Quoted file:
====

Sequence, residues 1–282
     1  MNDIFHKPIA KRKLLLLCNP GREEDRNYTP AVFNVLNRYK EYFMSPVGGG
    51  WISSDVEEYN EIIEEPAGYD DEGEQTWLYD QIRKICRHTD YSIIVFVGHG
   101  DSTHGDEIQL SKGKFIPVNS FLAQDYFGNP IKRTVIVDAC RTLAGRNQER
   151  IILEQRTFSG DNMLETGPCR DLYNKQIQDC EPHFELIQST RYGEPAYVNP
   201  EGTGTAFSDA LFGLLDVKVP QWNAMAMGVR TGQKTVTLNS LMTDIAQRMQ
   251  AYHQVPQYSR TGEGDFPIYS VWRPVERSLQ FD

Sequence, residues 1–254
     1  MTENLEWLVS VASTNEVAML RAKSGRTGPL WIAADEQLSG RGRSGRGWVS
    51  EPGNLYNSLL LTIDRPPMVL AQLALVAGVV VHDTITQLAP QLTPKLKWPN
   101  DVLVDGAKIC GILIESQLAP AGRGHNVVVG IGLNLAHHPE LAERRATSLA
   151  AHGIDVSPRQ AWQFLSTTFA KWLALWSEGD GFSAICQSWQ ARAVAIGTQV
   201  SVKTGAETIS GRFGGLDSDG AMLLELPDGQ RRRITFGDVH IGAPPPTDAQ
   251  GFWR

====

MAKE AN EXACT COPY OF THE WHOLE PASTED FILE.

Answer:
Sequence, residues 1–282
     1  MNDIFHKPIA KRKLLLLCNP GREEDRNYTP AVFNVLNRYK EYFMSPVGGG
    51  WISSDVEEYN EIIEEPAGYD DEGEQTWLYD QIRKICRHTD YSIIVFVGHG
   101  DSTHGDEIQL SKGKFIPVNS FLAQDYFGNP IKRTVIVDAC RTLAGRNQER
   151  IILEQRTFSG DNMLETGPCR DLYNKQIQDC EPHFELIQST RYGEPAYVNP
   201  EGTGTAFSDA LFGLLDVKVP QWNAMAMGVR TGQKTVTLNS LMTDIAQRMQ
   251  AYHQVPQYSR TGEGDFPIYS VWRPVERSLQ FD

Sequence, residues 1–254
     1  MTENLEWLVS VASTNEVAML RAKSGRTGPL WIAADEQLSG RGRSGRGWVS
    51  EPGNLYNSLL LTIDRPPMVL AQLALVAGVV VHDTITQLAP QLTPKLKWPN
   101  DVLVDGAKIC GILIESQLAP AGRGHNVVVG IGLNLAHHPE LAERRATSLA
   151  AHGIDVSPRQ AWQFLSTTFA KWLALWSEGD GFSAICQSWQ ARAVAIGTQV
   201  SVKTGAETIS GRFGGLDSDG AMLLELPDGQ RRRITFGDVH IGAPPPTDAQ
   251  GFWR